Do we have to accept the premise that a divided government is a bad government? That seems to be the assumption that many have had over the years. (Until this week's campaign, when our progressive friends told us that the House of Representatives had to be a check on the bigly badly guy at the White House.)
But now that the Democrats have taken the House, if not the Senate, will it be back to gridlock? And if so, is that necessarily a bad thing?
Was one-party government a good thing when Obamacare was pushed through Congress without one Republican "aye" vote?
Going back even further, after the 1932 presidential and congressional elections the Democrats held 313 seats in the House and padded their lead in the Senate. Which led to Franklin D. Roosevelt's first 100 days and the passing of all kinds of legislation--which made the Great Depression even greater.
The National Industrial Recovery Act of 1933 was supposed to stimulate economic activity by regulating wages and prices. We're not kidding. If regulating wages and prices could stimulate economic activity, Venezuela and Cuba would be world-beaters today. But after the market crash of '29, Dr. Fix the Economy was trying anything. Thank goodness, another part of the government that wasn't under his control, the United States Supreme Court, threw out the NIRA in 1935, and it was never heard from again.
Then there was the booming 1980s. How many years did Ronald Reagan have with a Republican speaker in the House of Representatives? Try none. In fact, in the election in which he trounced Walter Mondale--back in 1984--Tip O'Neill managed to hold onto the House with 253 Democrats.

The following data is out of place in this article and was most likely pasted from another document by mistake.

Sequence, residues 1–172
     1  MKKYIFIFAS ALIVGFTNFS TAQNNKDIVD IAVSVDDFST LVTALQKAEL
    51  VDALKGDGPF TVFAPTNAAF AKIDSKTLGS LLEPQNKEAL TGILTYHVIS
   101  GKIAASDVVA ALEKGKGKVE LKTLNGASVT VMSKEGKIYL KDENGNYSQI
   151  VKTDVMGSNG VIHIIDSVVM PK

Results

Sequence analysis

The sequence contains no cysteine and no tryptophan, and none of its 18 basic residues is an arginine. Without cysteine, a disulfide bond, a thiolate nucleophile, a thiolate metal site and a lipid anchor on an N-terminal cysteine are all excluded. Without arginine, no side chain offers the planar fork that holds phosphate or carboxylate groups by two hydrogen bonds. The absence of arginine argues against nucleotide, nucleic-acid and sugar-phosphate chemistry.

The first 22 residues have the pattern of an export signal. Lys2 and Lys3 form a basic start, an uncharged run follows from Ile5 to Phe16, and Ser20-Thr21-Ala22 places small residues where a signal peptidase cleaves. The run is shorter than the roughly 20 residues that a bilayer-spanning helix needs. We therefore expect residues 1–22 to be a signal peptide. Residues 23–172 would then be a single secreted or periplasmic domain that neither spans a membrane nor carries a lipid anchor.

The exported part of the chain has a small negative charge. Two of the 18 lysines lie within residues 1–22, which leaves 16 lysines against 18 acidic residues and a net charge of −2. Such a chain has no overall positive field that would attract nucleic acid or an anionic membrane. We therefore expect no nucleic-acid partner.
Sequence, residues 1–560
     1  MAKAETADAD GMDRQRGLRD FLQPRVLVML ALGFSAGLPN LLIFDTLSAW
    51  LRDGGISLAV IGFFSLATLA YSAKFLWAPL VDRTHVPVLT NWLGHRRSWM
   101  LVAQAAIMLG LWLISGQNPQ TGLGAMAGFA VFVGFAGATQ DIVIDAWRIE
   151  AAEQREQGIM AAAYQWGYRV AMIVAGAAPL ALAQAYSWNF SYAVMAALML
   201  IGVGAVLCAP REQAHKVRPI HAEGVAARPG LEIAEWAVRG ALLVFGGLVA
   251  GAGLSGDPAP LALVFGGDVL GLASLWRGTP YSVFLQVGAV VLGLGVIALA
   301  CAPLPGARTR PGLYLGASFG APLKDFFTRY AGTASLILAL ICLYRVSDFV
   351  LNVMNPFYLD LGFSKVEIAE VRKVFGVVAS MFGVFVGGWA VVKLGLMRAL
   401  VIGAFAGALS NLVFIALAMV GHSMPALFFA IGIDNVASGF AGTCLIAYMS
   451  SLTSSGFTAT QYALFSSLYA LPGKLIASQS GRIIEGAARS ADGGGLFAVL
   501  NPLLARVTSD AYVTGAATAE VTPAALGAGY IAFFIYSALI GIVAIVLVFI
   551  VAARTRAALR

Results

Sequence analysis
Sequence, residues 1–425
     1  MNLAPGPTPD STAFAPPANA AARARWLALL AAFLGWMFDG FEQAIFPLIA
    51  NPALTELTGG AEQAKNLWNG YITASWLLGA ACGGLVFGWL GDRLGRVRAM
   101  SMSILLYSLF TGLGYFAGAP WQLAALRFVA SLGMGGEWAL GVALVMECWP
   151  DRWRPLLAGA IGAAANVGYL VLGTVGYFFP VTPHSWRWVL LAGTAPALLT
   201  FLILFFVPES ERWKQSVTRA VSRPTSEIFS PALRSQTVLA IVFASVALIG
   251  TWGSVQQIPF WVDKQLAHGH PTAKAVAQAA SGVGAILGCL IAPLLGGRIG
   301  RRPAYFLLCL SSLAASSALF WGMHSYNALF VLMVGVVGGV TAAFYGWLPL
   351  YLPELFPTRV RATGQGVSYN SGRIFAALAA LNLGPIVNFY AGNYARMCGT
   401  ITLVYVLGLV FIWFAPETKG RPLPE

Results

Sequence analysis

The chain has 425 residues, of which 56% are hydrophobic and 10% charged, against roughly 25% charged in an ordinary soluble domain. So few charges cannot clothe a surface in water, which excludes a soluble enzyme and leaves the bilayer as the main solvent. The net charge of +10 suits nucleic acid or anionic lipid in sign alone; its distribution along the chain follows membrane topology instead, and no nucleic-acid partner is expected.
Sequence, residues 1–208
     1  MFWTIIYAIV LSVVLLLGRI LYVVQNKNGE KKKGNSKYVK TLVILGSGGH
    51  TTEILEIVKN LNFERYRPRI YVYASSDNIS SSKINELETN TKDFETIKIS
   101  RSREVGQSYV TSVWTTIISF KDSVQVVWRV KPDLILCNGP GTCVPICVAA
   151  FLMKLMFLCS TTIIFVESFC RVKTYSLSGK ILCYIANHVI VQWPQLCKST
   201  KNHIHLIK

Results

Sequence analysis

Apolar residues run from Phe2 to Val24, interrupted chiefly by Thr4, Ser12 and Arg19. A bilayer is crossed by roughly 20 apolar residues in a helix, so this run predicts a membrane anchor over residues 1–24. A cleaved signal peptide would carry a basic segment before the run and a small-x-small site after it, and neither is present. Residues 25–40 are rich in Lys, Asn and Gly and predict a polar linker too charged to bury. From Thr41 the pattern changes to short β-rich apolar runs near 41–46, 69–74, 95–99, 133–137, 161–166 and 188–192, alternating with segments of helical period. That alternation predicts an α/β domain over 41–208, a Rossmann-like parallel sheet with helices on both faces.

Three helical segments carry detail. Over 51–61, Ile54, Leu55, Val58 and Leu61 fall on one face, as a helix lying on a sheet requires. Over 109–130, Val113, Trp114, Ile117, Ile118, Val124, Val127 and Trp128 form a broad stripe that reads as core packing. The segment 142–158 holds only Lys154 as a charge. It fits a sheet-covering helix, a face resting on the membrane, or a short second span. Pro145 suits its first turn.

We seem to remember the nation doing well in the 1980s.
Then there was the election of 1994, in which Newt Gingrich promised to hold votes on many matters important to the people if they'd only give Congress to his Republicans. He called his plan the Contract With America. When the people agreed, and gave a Democratic president a GOP House and Senate, what followed was balanced budgets, welfare reform and some very fruitful years for Americans and their government. Which also, it should be noted, led to a second term for Bill Clinton.
But still, the premise among many in the commentariat seems to be that for government to "work," it has to do something big "for" us. Why?
The mail can be delivered with a divided government in Washington. Checks to Social Security recipients can be electronically deposited with a divided government in Washington. Veterans can be treated in hospitals with a divided government in Washington. The Coast Guard can stop drug runners from washing ashore in Florida with a divided government in Washington.
If there's an emergency, sure, We the People will want our government to take action. If a hurricane hits, or a belligerent country makes a move, or if the economy tanks, we'll want acts of Congress, literally.
But the economy is running along nicely, there's no wolf at the door, there's no pandemic in our hospitals, there's no revolution in the streets. At times like this, why not tell the feds: Don't just do something, sit there.
And when there is an emergency, Americans of both parties can still come together. To wit: In the last month, the Congress addressed the opioid crisis with a sweeping bill that helps first responders stock an anti-overdose drug, lifts certain restrictions on treatments, and allows states more flexibility to combat addiction. The president signed the bill, but only after the House had passed it 393-8 and the Senate 98-1. Our founders would be proud.
Gridlock means, on the federal level anyway, that politicians will have a tougher time passing laws the rest of us will have to obey. But gridlock doesn't necessarily mean dysfunction.
Fact is, there were a few years recently when many of us would have preferred a little gridlock. For specifics, see above.
Editorial on 11/09/2018
Print Headline: When gridlock works